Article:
By Peter Argent
The Mallee Park Football Club may have fallen short of a grand final victory this year to Tasmans, but its record since the club’s formation in 1981 is outstanding.
In the 1985 campaign, after being bridesmaids in grand finals the previous three years, Mallee Park had a breakthrough win over Waybacks in a thrilling high-scoring game, the Peckers winning the ‘85 title at Centenary Park, 24.21 (165) to the Demons 22.9 (141). This reversed the result of the previous September.
The club’s sustained success over four decades has seen it participate in 75 per cent of Port Lincoln Football League Grand Finals in this time.
After the ‘85 success, the Peckers won four consecutive A grade flags from 1987 and then a further quartet from ‘93.
Playing in every grand final across this period until 1998, when Marble Range defeated Lincoln South, they returned the following season to win the 1999 flag. After a loss in 2000, the Peckers were triumphant again in 2001.
Mallee Park was bridesmaid three further times during the “noughties” – 2005, 2007 and 2008 – before winning again in 2009. After playing off in the 2012 and 2014 grand finals, they were Premiers in 2015 and 2016.
It all started back in 1980 when a motion was accepted for the Mallee Park Football Club to enter the Port Lincoln competition.
The club’s first president was Glenmore Miller, with Elliott McNamara in the role as chairman.
The Peckers’ initial senior coach was Lionel Yarran and Joe Burgoyne who was appointed the inaugural captain.
The club’s first official A grade game was against South and, despite a late eight goal charge in the last quarter, Mallee Park lost its opening encounter 19.16 (130) to 19.11 (125). Across the first season it would have an acceptable 8-9 win-loss record.
On Saturday, September 25, 1982 the inaugural match between two indigenous teams was played at Poochera Oval. In a high-scoring spectacle, Mallee Park finally won the game 22.16 (148) to Koonibba 21.13 (139).
The breakthrough 1985 victory included some of the great names of the club and South Australian indigenous football.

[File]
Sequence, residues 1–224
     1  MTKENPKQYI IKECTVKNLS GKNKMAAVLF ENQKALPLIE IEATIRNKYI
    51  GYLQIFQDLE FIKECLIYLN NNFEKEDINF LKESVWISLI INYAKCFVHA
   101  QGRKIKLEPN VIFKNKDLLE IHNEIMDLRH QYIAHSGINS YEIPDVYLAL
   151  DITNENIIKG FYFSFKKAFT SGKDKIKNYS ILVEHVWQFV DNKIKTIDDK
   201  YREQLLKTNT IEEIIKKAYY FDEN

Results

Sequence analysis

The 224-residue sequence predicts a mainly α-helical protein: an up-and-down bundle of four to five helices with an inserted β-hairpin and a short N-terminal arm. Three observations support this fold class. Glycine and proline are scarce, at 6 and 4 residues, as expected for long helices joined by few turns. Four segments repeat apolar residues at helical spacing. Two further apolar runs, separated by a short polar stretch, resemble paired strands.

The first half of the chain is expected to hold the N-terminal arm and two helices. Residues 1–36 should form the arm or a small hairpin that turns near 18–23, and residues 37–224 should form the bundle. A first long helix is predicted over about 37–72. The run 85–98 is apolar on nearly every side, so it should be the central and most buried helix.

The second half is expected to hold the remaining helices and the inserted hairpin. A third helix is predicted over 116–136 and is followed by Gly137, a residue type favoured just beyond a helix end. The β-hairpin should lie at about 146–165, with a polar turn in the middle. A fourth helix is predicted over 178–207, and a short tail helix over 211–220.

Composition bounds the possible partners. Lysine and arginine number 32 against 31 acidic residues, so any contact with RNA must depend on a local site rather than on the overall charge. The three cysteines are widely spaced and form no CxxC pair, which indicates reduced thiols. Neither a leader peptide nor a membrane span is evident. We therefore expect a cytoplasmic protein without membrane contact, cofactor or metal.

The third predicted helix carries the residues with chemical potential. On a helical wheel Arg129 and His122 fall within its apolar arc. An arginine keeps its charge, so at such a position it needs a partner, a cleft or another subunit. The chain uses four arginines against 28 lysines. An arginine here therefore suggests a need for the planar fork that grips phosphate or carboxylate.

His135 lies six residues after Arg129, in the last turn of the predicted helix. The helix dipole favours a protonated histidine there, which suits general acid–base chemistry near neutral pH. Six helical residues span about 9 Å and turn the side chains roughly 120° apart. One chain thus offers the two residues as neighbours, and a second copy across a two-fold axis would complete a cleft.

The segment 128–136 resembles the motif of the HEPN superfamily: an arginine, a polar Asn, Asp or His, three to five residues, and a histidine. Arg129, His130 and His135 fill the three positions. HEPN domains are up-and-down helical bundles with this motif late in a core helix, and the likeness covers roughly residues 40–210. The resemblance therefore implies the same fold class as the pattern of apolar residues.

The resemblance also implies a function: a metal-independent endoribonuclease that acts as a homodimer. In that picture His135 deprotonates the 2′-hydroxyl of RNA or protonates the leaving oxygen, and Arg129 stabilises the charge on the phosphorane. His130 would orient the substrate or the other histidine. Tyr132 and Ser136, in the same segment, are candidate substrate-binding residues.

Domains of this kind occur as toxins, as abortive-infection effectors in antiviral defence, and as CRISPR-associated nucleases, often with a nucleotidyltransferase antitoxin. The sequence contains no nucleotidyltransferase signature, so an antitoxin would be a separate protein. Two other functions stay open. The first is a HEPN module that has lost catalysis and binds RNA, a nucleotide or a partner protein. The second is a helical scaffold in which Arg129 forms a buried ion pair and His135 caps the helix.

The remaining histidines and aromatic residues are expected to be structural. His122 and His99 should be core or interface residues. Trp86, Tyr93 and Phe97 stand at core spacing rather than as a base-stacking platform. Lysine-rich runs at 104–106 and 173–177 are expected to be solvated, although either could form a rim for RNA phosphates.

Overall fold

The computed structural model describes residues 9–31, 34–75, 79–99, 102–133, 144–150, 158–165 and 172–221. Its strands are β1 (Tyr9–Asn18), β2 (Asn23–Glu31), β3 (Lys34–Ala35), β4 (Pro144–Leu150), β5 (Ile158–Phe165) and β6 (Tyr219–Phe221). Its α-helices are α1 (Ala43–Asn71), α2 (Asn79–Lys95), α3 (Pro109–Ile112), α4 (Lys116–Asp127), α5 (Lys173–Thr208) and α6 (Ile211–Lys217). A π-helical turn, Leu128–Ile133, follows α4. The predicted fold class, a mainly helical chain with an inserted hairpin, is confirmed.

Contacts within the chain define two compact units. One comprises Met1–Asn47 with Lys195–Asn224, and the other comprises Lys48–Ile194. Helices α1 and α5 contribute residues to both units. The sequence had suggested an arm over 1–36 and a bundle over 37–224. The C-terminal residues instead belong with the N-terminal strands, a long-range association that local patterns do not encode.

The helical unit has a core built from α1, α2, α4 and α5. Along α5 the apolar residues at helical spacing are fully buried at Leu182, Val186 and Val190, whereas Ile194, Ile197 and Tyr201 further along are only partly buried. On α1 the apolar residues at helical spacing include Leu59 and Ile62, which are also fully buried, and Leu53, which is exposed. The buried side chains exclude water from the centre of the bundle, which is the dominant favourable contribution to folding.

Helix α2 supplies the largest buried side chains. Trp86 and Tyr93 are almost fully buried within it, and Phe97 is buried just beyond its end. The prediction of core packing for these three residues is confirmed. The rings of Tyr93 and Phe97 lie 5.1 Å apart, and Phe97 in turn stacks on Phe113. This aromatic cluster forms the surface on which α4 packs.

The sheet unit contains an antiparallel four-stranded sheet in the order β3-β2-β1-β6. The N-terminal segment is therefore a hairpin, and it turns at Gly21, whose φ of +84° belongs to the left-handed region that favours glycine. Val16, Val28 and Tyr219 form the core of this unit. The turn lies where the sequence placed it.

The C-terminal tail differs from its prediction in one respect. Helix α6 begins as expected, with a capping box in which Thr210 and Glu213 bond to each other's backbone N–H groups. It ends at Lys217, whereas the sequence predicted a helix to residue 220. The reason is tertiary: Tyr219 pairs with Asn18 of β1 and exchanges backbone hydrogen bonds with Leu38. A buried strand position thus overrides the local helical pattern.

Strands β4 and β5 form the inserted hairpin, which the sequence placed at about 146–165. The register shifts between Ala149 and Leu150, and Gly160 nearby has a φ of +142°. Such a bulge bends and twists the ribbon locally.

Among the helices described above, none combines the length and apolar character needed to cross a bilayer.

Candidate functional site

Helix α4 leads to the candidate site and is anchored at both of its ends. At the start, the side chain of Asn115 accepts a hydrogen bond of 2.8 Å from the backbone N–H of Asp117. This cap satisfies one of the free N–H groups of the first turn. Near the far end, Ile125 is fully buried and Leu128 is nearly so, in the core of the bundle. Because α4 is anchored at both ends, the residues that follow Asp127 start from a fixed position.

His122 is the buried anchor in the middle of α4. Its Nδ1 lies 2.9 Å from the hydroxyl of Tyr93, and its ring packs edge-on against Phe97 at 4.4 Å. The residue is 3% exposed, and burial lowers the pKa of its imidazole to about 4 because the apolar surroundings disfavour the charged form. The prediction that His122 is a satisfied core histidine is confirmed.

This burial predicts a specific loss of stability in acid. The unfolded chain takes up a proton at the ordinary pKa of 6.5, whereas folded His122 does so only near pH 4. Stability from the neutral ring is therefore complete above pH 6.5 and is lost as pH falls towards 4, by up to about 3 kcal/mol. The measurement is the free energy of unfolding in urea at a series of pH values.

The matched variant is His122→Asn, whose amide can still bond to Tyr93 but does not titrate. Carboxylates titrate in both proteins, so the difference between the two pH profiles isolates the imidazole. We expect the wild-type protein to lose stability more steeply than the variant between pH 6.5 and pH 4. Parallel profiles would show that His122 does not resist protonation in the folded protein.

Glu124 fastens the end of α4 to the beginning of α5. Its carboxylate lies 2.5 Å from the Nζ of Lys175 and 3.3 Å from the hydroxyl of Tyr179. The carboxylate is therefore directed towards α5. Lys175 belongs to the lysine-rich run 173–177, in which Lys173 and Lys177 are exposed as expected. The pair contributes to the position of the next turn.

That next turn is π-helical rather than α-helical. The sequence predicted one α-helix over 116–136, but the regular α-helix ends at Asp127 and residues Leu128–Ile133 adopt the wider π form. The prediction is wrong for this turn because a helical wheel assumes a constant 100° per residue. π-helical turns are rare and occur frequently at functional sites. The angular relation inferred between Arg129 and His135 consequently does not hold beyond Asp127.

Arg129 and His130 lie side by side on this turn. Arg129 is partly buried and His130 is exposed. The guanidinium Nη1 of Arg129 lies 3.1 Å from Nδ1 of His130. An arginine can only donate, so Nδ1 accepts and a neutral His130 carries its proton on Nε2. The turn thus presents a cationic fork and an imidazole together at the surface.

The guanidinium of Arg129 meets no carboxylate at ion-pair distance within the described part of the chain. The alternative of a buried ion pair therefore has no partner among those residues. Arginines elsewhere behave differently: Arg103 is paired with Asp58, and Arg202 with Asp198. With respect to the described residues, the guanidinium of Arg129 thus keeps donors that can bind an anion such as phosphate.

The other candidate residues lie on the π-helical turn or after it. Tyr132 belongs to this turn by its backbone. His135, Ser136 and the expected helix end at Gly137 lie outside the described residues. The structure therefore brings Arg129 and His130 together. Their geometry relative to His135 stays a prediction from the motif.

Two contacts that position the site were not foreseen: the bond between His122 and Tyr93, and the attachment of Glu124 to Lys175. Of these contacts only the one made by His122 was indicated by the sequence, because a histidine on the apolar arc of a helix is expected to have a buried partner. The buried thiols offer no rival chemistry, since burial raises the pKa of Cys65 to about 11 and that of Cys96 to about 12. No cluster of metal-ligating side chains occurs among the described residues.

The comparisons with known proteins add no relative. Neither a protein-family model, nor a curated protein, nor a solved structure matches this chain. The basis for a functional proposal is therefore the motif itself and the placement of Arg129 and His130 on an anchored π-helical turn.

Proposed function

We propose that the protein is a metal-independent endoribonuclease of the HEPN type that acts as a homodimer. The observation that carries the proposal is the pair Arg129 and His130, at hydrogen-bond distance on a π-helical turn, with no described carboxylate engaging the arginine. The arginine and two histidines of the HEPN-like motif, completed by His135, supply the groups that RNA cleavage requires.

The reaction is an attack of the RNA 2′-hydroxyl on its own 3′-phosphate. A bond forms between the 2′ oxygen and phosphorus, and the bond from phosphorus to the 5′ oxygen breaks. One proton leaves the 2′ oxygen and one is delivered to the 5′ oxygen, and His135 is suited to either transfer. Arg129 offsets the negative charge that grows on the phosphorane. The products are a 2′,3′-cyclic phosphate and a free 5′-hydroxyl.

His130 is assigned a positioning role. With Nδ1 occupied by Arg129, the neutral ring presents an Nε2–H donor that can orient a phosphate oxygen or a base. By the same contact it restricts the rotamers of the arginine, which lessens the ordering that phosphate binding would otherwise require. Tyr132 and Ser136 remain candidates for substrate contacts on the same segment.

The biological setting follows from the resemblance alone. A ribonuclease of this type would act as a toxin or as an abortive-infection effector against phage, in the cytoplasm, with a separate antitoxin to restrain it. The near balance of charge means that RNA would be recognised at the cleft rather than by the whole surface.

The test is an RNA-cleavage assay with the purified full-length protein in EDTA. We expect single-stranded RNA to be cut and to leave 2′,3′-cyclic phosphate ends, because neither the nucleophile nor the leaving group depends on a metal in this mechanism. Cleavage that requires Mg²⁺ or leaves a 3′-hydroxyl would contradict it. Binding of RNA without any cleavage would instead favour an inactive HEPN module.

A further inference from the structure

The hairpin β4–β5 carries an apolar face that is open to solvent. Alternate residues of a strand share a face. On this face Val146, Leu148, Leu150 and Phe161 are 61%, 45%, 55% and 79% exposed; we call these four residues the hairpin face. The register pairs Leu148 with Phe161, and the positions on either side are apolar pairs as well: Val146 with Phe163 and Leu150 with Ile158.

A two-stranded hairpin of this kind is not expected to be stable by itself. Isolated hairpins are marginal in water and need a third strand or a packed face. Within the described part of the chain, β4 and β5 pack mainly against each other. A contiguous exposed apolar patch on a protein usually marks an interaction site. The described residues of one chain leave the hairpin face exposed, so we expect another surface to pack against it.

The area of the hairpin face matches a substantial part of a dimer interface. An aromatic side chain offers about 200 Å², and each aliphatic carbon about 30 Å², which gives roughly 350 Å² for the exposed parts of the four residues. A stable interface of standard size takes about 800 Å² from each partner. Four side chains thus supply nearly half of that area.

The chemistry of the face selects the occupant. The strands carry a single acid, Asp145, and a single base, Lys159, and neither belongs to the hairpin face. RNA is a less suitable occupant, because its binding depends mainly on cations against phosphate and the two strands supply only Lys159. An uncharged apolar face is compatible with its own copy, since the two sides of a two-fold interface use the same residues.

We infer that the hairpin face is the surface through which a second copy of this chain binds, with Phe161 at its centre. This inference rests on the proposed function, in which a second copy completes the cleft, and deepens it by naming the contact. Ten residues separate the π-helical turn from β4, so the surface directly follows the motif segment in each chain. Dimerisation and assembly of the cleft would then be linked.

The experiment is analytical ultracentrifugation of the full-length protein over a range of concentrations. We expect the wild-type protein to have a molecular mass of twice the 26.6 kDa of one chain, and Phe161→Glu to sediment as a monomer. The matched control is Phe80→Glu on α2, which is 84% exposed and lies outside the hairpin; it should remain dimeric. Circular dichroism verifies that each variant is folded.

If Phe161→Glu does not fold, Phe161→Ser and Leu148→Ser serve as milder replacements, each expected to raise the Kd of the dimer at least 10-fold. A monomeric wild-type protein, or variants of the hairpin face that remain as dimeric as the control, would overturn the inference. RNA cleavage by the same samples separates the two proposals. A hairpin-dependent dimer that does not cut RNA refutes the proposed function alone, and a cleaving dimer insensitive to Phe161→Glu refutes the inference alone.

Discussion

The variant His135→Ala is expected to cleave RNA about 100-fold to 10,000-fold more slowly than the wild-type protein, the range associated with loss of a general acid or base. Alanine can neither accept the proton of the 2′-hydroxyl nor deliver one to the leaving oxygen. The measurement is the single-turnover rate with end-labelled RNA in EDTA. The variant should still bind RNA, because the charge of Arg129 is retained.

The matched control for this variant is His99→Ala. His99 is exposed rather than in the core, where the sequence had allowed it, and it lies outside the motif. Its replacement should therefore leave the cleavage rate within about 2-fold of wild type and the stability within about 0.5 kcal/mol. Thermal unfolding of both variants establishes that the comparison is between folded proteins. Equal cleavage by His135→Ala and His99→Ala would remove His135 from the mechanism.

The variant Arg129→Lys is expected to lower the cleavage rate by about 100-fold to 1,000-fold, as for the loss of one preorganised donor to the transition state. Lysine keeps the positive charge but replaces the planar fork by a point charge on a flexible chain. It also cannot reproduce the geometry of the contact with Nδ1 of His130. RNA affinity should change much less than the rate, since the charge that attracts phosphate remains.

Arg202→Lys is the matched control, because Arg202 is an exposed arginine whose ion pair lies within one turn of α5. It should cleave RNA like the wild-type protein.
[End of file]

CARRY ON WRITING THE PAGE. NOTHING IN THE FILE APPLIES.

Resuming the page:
Fabian Davey played in the forward pocket while Harry Miller Senior (also playing coach) was of a half forward flank and Max Thomas, uncle of Kangaroos and Power footballer Lindsay, kicked five goals from centre half-forward.
The centerline was Eddie Betts, Malcolm Bilney and Timothy Dudley.
Barry Johncock played centre half back and the full back line was Byron Pickett, skipper Norm Pickett at fullback and Leonard Wells in the other back pocket. Peter Carter and Michael Burgoyne were on the ball.
There is a remarkable AFL connection with the club as well, with indigenous talent such as Graham Johncock, Byron Pickett, the Burgoyne brothers Peter and Shaun, Harry Miller Junior, Eddie Betts, Daniel Wells, Aaron Davey and even Gavin Wanganeen all having ties either to the club or indigenous football on the west coast.
Graham Johncock has a special place in Mallee Park’s history. A son of one of club’s legends, Jack Johncock, he played in both the Senior Colts and A Grade premiership sides of 1999 before being drafted of the Adelaide Football Club.
Johncock went on to play 227 AFL games across a 13-year career with the Crows and played in a pair of Indigenous All-Stars games and represented Australia several times.
While for much of his career Johncock was a clever rebounding defender, he was also Adelaide’s leading goal kicker in 2003 and won a Showdown Medal that year as well.
Johncock would return to Mallee Park to play and coach the club post his AFL playing days.
Main image above: Members of the historic ’85 Premiership team. Back row: Jack Johncock, Norm Pickett (A grade captain), Leonard Wells. Front row: Trevor Sambo, Howard Richards (B grade captain), Fabian Davey.
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